There are also other host responses that may contribute to Chlamydia-induced protection, including induction of pro-inflammatory cytokines and/or antimicrobial peptides, stimulation of additional PRRs, or activation of natural killer cells [29, 5759]. Alternatively, chlamydia-derived products or effectors could directly interfere with viral infection of epithelial cells. For example, the chlamydial protease-like activity factor (CPAF) degrades nectin-1 in vitro [60] and may be released into the extracellular environment at the end of the developmental cycle, as proposed by Tang et al [61]. Because nectin-1 is the primary co-receptor for HSV-2 in the genital tract [62, 63], CPAF released from chlamydia-infected cells could interfere with HSV-2 infection by reducing host cell surface nectin-1. Though possible, the latter mechanism seems less likely given that HSV infects and replicates with undiminished efficiency within Chlamydia pre-infected genital epithelial cells in culture [25]. However, we plan to evaluate each of these possible mechanisms in future studies.

Through the use of a novel C. muridarum and HSV-2 murine super-infection model, we have described a genital co-infection that benefits the host. As our data demonstrate that chlamydial pre-infection can protect from subsequent HSV-2 challenge, future studies will be focused on dissecting the mechanisms involved in Chlamydia-elicited protection. Perhaps more importantly, we wish to understand whether or not chlamydiae specifically activate host defenses that either prevent or enhance establishment of genital infections by other competing pathogenic microorganisms.

Materials and Methods

Ethics statement

All animal experiments in this study were conducted in strict accordance with the National Institutes of Health “Guide for the Care and Use of Laboratory Animals”. The animal protocol (110602) was approved by the University Committee on Animal Care at East Tennessee State University under the guidelines of the Association for Assessment and Accreditation of Laboratory Animal Care, US Department of Agriculture, and in compliance with the Public Health Service Policy on Human Care and Use of Laboratory Animals.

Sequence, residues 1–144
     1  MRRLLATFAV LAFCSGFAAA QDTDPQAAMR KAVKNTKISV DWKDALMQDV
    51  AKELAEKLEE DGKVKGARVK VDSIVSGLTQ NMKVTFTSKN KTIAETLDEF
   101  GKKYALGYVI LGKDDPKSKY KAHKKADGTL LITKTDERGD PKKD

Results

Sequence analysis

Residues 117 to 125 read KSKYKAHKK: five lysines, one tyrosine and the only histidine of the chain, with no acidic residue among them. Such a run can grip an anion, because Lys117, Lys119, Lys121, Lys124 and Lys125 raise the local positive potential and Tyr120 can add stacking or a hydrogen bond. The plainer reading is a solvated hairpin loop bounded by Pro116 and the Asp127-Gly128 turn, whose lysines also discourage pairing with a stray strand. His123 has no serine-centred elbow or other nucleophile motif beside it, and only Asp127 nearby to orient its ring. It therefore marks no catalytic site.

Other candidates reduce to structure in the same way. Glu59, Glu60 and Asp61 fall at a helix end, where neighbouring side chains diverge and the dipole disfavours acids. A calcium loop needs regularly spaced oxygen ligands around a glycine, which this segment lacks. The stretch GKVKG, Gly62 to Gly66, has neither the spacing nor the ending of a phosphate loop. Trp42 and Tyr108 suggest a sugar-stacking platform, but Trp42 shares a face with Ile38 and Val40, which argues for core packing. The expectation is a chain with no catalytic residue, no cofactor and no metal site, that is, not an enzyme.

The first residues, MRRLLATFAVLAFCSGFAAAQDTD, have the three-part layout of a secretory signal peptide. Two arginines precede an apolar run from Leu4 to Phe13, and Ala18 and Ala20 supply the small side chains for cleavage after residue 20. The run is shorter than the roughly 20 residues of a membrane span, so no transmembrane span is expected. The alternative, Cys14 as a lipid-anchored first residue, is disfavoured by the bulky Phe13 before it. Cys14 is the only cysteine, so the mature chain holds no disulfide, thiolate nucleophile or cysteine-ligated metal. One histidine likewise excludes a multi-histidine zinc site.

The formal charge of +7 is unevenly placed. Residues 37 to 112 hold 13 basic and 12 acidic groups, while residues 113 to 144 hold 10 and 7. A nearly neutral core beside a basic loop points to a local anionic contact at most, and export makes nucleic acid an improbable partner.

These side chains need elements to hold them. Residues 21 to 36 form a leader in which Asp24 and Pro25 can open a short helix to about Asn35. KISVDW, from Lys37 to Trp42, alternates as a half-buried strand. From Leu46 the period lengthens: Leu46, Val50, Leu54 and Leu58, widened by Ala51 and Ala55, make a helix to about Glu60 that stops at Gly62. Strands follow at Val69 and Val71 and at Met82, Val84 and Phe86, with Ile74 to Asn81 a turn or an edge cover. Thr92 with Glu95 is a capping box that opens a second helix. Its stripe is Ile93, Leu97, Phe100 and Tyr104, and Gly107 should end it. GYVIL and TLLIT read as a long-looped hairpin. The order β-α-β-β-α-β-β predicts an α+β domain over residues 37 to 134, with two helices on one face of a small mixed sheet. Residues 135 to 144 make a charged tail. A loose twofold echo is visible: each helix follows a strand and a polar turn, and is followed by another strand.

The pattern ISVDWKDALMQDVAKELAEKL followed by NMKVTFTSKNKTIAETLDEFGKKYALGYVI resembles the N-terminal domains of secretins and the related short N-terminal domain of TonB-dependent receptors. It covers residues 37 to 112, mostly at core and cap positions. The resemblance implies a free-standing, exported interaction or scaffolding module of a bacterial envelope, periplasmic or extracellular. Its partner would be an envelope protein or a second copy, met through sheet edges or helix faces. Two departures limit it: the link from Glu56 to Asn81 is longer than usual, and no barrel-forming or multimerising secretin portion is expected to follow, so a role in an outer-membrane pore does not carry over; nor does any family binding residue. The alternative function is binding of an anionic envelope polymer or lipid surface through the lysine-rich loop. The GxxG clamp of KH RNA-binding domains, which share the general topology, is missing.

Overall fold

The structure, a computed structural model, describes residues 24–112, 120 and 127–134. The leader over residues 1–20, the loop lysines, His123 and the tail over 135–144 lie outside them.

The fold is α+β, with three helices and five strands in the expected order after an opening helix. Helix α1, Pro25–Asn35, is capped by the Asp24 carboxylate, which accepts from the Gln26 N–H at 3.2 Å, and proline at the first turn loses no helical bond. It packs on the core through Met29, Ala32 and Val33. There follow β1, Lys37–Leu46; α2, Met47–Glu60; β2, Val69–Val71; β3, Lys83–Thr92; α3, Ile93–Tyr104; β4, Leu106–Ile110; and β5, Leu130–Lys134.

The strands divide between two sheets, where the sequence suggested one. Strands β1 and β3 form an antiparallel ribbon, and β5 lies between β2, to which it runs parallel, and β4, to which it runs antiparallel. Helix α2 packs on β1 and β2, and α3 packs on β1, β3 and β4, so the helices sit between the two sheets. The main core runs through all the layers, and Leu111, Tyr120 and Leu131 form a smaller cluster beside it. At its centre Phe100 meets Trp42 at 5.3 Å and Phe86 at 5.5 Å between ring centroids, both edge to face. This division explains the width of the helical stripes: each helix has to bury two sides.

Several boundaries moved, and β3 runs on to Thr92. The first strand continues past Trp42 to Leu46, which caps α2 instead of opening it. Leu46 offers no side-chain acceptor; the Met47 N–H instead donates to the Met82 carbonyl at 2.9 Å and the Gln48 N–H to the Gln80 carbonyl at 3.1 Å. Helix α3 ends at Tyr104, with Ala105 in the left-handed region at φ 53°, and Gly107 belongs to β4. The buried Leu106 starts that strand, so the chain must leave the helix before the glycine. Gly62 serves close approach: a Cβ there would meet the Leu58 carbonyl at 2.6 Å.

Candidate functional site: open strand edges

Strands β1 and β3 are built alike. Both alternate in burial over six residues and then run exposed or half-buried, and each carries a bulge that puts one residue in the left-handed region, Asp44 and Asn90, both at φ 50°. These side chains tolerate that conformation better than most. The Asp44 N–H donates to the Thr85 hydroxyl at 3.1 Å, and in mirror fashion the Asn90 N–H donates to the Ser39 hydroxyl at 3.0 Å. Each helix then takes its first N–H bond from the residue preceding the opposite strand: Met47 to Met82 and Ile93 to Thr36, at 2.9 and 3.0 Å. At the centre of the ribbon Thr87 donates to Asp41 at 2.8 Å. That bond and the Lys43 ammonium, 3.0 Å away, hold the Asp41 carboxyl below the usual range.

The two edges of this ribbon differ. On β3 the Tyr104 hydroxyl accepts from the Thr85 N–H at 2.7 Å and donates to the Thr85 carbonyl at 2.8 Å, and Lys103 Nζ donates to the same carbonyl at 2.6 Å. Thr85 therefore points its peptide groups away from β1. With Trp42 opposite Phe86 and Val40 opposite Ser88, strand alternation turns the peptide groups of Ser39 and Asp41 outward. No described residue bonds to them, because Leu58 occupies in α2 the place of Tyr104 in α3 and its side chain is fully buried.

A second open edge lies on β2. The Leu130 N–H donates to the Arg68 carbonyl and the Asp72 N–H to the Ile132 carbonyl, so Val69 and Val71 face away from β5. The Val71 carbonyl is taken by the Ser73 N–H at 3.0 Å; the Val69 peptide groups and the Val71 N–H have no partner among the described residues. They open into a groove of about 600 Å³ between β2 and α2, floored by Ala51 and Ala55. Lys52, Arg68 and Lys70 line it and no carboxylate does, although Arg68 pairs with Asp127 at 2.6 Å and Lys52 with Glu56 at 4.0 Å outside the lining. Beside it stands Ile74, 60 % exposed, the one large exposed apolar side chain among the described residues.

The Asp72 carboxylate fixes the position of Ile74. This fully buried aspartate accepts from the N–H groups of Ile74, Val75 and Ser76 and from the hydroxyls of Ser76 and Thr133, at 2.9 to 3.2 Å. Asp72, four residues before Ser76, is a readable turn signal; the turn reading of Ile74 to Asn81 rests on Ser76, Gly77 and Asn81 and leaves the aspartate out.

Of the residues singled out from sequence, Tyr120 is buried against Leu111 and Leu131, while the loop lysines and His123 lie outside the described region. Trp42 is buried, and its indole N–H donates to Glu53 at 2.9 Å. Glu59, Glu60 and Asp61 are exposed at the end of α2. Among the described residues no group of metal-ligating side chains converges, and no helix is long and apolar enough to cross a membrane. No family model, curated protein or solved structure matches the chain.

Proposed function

Cells, bacteria and viruses

Cell lines used in the study are HeLa 229 cells, a cervical adenocarcinoma epithelial cell line (ATCC No. CCL2.1) and Vero cells, an African green monkey kidney cell line (ATCC No. CCL-81). Wild type HSV-2 333 strain was used for mouse infections. C. muridarum Wiess strain was obtained from Kyle Ramsey (Midwestern University). UV-irradiated C. muridarum was generated as previously described [64]. Briefly, 100–200 μl of C. muridarum stock was aliquoted into a 24-well plate and placed on a heat sink inside a UV-crosslinker (Spectrolinker XL-1500, Spectronics Corporation) until a minimum dose of 1.0 J cm-2 was obtained. Inactivation was confirmed by chlamydial titer assay.

Animal handling and infections

All mice were provided food and water ad libitum and kept on a standard 12-hour light/dark cycle. After a 1 week acclimation period, 8 week old female BALB/c mice (Harlan, USA) were treated with 2.5 mg Depo-Provera (Greenstone LLC, Peapack, NJ) by subcutaneous injection. Mice were vaginally infected at 9 weeks of age with 106 inclusion forming units (IFU) C. muridarum on day 0 and then super-infected with either 5 x 103 or 1 x 105 PFU HSV-2 on day 3, 9, or 27 post chlamydial infection (pci) as indicated. All inocula were administered in 10 μl DMEM containing 10% FBS using a micropipette. Mice infected with HSV-2 on day 27 pci were treated with a second dose of Depo-Provera 7 days prior to HSV challenge. Singly-infected, time matched mice were used as controls. In other experiments, mice were infected on day 0 with 106 IFU UV-irradiated, replication-incompetent C. muridarum then super-infected with HSV-2 on day 3 pci or were infected with C. muridarum on day 0, treated once with 200 mg/kg Azithromycin (AZM) via oral gavage on day 6 pci and then super-infected with HSV-2 on day 9 pci. Untreated controls were gavaged with sterile water. Finally, in one set of experiments, mice were simultaneously inoculated with 106 IFU of Cm and 5 x 103 PFU of HSV-2. Mock-infected animals were included in each experiment and received 10 μl of media alone on each infection day. All mock-infected animals survived the duration of each experiment and none shed detectable Chlamydia or HSV-2. At the conclusion of each study, or when they exhibited HSV-2-related morbidity, mice were euthanized via cervical dislocation.

To determine pathogen shedding, vaginal swabbing was performed every 3 days, as described, [30]. Preliminary data indicate that swabbing more frequently reduces chlamydial titers and could therefore interfere with the protective effect observed in our model. Swabs were snap frozen in 2 mL tubes containing 500ul DMEM with 10% FBS and three 3mm glass beads and stored at -80°C.